What do the city's no-smoking law, new central-city homes, school busing and bathtub gin have in common with President Bush's $17.4 billion Christmas present for American automakers?
Quite a bit, when you think about it - which we should start doing before it's too late, if it isn't already.
One of the things I like about this job is talking to interesting people about interesting things, even if I don't expect the conversation to yield a column. In journalism, no information or insight is ever truly wasted. So when a local developer called this week asking to share several of his concerns with me, I was happy to oblige.
It was a fascinating conversation laced with historical insights made instantly relevant by Bush's decision Friday to make billions of dollars in loans available to General Motors and Chrysler in exchange for a promise to correct the unsustainable business practices that led to their plight.
The man, who didn't want to be named because his profession puts him at the mercy of local officials, said he has lost millions of dollars in real estate value because of the economic meltdown. “But do I want a bailout? Hell no,” he said emphatically.
The reason begins to answer the seemingly bizarre question with which I opened this column.
His thesis is that, when governmental good intentions attempt to thwart the often-cruel but inexorable power of the free market, unintended consequences inevitably result. Prohibition led otherwise honest folks to make or drink illegal booze, and turned dishonest people into gangsters. Court-ordered efforts to integrate public schools caused some people to flee cities for the suburbs. The city's Renaissance Pointe housing project is lagging, causing officials to consider adding 50 “rent-to-own” homes, and the smoking ban has been blamed for the death of Fort Wayne bars - and the prosperity of others outside the city limits.
“We all tried to tell the city Renaissance Pointe wouldn't work. But they wouldn't listen to anyone because they were getting federal grants,” the developer said, linking the attempt to make homeowners out of people who can't qualify for traditional loans to the sub-prime mortgage problems that precipitated the current crisis.
Now, you and I may quibble with a few of his assertions. The problems faced by Fort Wayne Community Schools and other urban districts go far beyond busing. In fact, the effort to achieve racial balance through school choice may have made FWCS more attractive to many parents.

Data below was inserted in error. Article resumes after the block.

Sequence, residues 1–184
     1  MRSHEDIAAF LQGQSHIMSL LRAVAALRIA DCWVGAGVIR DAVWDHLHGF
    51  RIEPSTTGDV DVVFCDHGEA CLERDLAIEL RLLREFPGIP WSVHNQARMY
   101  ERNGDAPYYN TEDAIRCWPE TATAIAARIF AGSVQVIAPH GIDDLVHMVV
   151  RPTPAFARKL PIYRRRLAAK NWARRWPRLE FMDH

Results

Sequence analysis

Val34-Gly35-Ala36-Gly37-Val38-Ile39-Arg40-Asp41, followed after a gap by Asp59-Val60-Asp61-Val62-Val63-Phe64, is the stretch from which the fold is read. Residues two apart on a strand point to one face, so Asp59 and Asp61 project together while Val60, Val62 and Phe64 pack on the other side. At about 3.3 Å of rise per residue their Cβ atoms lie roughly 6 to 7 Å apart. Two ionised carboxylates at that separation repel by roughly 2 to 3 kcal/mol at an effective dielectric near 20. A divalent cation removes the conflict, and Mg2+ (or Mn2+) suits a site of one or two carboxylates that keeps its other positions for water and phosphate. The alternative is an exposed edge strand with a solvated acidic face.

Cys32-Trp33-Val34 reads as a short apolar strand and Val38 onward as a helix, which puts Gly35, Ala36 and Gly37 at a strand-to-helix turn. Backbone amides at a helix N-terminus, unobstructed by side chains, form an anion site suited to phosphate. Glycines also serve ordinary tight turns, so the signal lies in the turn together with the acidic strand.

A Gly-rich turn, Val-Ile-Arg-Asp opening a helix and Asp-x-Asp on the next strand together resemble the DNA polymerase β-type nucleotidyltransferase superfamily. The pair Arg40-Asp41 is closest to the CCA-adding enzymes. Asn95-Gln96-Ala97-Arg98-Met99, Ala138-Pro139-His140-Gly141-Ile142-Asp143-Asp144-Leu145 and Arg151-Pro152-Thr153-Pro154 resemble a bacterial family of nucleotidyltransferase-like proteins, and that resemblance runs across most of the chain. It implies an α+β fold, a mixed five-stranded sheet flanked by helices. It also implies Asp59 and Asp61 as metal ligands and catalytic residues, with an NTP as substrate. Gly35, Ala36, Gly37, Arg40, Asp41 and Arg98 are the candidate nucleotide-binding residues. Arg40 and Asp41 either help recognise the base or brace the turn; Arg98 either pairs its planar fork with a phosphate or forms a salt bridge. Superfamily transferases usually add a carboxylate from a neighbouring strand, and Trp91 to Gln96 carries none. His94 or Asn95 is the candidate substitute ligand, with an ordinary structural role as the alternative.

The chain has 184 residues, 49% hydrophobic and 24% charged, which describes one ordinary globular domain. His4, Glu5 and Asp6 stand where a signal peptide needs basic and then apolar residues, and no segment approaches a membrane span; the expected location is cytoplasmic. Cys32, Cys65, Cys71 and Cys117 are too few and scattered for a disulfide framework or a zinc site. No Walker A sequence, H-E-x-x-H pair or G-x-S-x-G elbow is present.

But there's no denying the fact that winners and losers in America's supposed system of “free” enterprise are increasingly influenced by government, not the marketplace. In fact, government often tries to counter-balance market conditions deemed too damaging socially, economically or politically.
What would America be like today had politicians protected canal owners from the railroads or railroads from the airlines? Buggy manufacturers from cars? Worthless snake oil from life-saving pharmaceuticals? Newspapers from the Internet?
Well, I kind of like that last one, but you get the point: Jobs might have been saved, or at least prolonged - but only at the cost of progress, which ultimately benefited far more people than it hurt.
Who says? The free choices made over decades and centuries by countless millions of consumers like you, that's who.
Consumers make choices when buying automobiles, too. The dire condition of America's “Big Three” is not entirely due to customer preference, of course, but any effort to bail them out without correcting their internal problems is not only futile but counterproductive. Without change - better management, lower labor costs - the financial problems will remain even after Bush's bucks have been frittered away.
And the nation's staggering debt load will have grown even more obscene, crushing future generations in the most cowardly and selfish form of taxation without representation imaginable.
If the bailout forestalls a wider economic collapse and results in the necessary reinvention of domestic automakers, fine. But history is full of warnings to the contrary, and it would be nice if more people noticed, or even seemed to care.
E-mail Kevin Leininger at email@example.com, or call him at 461-8355.